Employee: Anna Diaz
Employer: Professional Profiles, Inc.
Insurer: Granite State Insurance Co.
Board No.: 047241-03

(Judges Carroll, Horan and Fabricant)

Scott L. Masse, Esq., for the employee
Thomas F. Finn, Esq., for the insurer

CARROLL, J. The insurer appeals from a decision in which an administrative judge awarded the employee workers' compensation benefits for an injury that the insurer argues was subject to the heightened causation provisions of § 1(7A) for industrial injuries that combine with pre-existing non-compensable medical conditions. [1] Because the judge failed to address the many elements of that fourth sentence of § 1(7A), we recommit the case.

Anna Diaz suffered an industrial accident in mid-November 2003 when, while working as a home health aide she wrenched her left shoulder assisting a client. Prior to this injury, the employee had injured that shoulder in a fall at home, received treatment but continued to work, and ultimately scheduled an MRI. Ms. Diaz continued to work after her November injury, but her shoulder pain worsened. She sought treatment, and the previously scheduled MRI was performed. On December 5, 2003, the employee's treating physician took her out of work, and she has not returned. (Dec. 459.)

The insurer resisted the employee's claim for workers' compensation benefits, and raised the heightened "a major" causation standard of § 1(7A) at hearing. (Dec. 457.) See Saulnier v. New England Window and Door, 17 Mass. Workers' Comp. Rep. 453, 459-460 (2003). The employee underwent an impartial medical examination. The impartial physician diagnosed left shoulder supraspinatus tendinopathy with a partial supraspinatus tendon tear, and pre-existing left shoulder tendinitis. The doctor causally related the first diagnosis to the work injury, and stated that the work injury aggravated the second diagnosis. He disabled the employee from working as a home health aide and limited her to lifting 15-20 pounds, with no repetitive use of her left arm. (Dec. 460.)

The judge awarded benefits for the November 2003 injury. (Dec. 460-461.) However, he made no findings as to whether the § 1(7A) standard of "a major" cause applied to neither or either diagnosis, or to both, and, if it did apply, whether the employee met the heightened causal standard of § 1(7A). (Dec. 7-8.)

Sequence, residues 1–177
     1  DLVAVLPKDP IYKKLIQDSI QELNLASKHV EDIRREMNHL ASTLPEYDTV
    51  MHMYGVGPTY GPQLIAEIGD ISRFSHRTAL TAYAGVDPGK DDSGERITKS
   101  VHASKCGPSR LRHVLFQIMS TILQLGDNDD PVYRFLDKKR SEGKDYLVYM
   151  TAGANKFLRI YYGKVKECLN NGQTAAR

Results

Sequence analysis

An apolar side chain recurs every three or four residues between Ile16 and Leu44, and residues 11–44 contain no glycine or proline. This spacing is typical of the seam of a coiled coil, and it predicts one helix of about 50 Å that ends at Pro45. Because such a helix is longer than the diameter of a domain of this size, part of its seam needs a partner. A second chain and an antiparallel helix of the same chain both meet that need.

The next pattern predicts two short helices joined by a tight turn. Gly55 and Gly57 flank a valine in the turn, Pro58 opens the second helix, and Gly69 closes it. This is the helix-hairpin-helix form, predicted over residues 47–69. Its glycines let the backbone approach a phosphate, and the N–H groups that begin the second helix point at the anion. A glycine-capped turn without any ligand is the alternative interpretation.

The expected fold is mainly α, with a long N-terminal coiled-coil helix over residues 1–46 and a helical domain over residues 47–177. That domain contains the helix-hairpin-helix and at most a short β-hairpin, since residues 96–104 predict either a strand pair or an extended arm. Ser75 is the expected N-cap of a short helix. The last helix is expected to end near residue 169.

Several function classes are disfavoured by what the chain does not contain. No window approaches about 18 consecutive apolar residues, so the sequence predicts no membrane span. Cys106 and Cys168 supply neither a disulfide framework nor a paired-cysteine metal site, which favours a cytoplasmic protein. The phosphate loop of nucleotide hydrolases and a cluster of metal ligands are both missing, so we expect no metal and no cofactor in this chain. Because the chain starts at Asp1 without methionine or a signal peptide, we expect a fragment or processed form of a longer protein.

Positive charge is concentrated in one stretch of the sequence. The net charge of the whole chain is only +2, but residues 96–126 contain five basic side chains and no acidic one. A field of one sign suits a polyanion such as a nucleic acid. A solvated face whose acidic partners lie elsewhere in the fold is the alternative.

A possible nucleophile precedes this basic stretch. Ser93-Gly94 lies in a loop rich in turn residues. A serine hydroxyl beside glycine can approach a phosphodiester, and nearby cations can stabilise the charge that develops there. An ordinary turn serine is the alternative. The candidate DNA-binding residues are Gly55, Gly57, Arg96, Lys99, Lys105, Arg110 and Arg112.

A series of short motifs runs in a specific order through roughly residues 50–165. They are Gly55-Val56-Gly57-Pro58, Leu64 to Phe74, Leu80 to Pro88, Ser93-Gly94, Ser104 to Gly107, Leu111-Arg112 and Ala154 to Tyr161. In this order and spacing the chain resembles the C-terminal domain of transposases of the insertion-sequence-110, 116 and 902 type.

The absence of findings parsing out the diagnosed conditions, and addressing the various elements of § 1(7A), requires a recommital of the case for the judge to perform that task. In Vieira v. D'Agostino Assocs., 19 Mass. Workers' Comp. Rep. 50 (2005), we set out a detailed map of the analysis needed to address the heightened § 1(7A) standard of "a major cause." In a nutshell, that analysis requires findings as to:

[W]hether the employee's [tendinitis] is 1) "a pre-existing condition, which resulted from an injury or disease not compensable under the chapter," which 2) "combines with" the [November 2003] work injury ("a compensable injury or disease") "to cause or prolong disability or a need for treatment:" and, if so, 3) whether that "compensable injury or disease remains a major but not necessarily predominant cause of disability or need for treatment." § 1(7A).

Vieira, supra at 52-53. Each stage of the analysis includes its own set of pitfalls, as we noted in Vieira and the cases cited therein. See id. at 53. Particularly where there are multiple diagnoses, the judge must specify to which diagnoses, if any, the "a major cause" standard applies, and to which diagnoses the "as is" causation standard applies. See Dorsey v. Boston Globe, 20 Mass. Workers' Comp. Rep. ___ (2006)(judge parsed out seven diagnoses, concluding the "a major" cause standard did not apply to certain "new" diagnoses, as they were directly caused by the industrial accident, and did not combine with a pre-existing condition).

Because the judge failed to address § 1(7A), we recommit the case for further findings consistent with Vieira and Dorsey, supra.

So ordered.

Martine Carroll
Administrative Law Judge

Mark D. Horan
Administrative Law Judge

Bernard W. Fabricant
Administrative Law Judge

Filed: February 22, 2007

[1] General Laws c. 152, § 1(7A), provides, in relevant part:

If a compensable injury or disease combines with a pre-existing condition, which resulted from an injury or disease not compensable under this chapter, to cause or prolong disability or a need for treatment, the resultant condition shall be compensable only to the extent such compensable injury or disease remains a major but not necessarily predominant cause of disability or need for treatment.